Infiniti is a brand that prides itself on big wheels and the JX continues that tradition. Standard are 18-inch rollers with 235/65/18 tires, while the model we tested was fully loaded with the optional 20-inchers with lower profile tires – available in the Deluxe Touring Package ($2,550) with a panoramic glass roof and upgraded audio system or as a stand-alone $1,600 option. The ride proved whisper quiet and ultra smooth.
In terms of driving dynamics, taking into account the other six seats in the crossover, the one behind the wheel is de-prioritized. The trade-off for the luxury ride is noticeable body roll and pushing in the corners.
Open any door and the level of luxury will shock anyone who’s shopped this segment before. Infiniti is immediately a rival for the Audi in this respect, and the JX will have prospective Q7 buyers wondering why they should pay many thousands more.
Much of the cabin is familiar to anyone who’s been in an Infiniti M, with the uniquely stitched seats and incredibly creamy leather. One notable upgrade is the new central display screen between the two main gauges, showing the lengthy list of available tech and safety driver aides with some stylish new graphics. Maxed out at $49,150, including the Premium Package ($4,950), Technology Package ($3,100) and Deluxe Touring Package, just listing the content would fill as much space as this whole article.
Targeted at parents, and with women likely to be the primary drivers says Infiniti marketing boss Keith St. Clair, the JX is taking a leadership position on safety. Along with expected goodies like a Blind Spot Warning system and Lane Departure Warning, Infiniti also boasts intervention systems that will tug the car back into its lane (using the brakes on the opposite side of the car). Introduced on other models, Infiniti is now taking safety a step further with the world’s first Backup Collision Intervention system. Similar to a forward-working system on Volvo models, the Infiniti version will detect objects behind the car and even objects approaching from the sides. Designed to work at low speeds, like when you’re creeping out of your driveway or a mall parking space, audible warning beeps as well as visual cues on the back-up camera will alert the driver to brake. If those warnings are ignored the car will even push back on the accelerator before applying full brakes to avoid a collision. Designed more to trigger the driver to brake, the brake pedal must then be applied to halt the car completely or after one second it will resume its rearward roll.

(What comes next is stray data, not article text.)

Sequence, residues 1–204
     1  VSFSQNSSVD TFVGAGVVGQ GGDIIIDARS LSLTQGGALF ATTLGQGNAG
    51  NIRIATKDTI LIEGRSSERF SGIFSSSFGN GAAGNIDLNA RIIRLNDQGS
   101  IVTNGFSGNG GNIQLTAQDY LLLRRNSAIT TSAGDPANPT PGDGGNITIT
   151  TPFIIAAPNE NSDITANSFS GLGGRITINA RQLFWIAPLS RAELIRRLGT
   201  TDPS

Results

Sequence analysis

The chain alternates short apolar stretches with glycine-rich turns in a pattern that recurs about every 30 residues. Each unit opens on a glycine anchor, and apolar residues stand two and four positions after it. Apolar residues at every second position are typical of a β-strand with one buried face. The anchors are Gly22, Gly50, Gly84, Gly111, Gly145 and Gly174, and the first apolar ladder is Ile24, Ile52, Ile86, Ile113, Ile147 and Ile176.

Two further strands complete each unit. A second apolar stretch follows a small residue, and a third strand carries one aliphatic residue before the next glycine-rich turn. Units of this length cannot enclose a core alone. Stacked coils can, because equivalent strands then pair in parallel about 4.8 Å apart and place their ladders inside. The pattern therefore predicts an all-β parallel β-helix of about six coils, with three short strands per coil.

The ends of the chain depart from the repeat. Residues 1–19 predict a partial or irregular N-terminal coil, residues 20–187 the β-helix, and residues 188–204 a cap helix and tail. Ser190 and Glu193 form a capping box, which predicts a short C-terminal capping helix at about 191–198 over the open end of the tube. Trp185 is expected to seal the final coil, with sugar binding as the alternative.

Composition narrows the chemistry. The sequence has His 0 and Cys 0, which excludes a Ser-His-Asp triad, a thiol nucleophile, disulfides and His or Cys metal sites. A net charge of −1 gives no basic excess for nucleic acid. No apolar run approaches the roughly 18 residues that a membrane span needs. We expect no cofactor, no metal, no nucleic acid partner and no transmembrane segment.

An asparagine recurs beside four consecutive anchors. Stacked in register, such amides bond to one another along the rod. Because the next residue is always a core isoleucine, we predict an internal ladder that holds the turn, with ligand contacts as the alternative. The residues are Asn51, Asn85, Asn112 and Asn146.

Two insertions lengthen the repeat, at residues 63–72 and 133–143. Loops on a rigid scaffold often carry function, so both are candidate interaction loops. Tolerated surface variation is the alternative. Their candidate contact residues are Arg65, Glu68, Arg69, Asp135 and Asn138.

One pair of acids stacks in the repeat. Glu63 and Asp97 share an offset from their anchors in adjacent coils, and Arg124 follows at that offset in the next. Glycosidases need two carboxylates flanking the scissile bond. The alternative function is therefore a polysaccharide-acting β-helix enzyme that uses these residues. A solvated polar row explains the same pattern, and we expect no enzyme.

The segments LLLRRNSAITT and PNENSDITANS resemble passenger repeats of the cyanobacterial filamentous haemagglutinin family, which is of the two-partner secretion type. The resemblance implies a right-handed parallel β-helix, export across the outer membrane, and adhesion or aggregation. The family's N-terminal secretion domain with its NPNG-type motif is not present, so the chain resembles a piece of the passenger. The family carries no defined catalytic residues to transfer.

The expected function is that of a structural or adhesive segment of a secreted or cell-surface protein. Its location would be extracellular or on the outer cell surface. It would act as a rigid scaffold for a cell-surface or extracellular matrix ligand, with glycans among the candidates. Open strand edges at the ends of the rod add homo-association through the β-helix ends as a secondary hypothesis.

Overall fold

Other tech add-ons straddle the line between safety and convenience, like the full-speed cruise control, which Infiniti has taken a step further with what it calls Distance Control Assist. Combined in the Driver Assistance Package with Intelligent Brake Assist and Forward Collision Warning, rather than alert the driver that they are approaching another vehicle too closely (common in many luxury models), this new system will take action, pushing back on the throttle to let the driver know to ease off, while simultaneously applying the brakes to slow the car.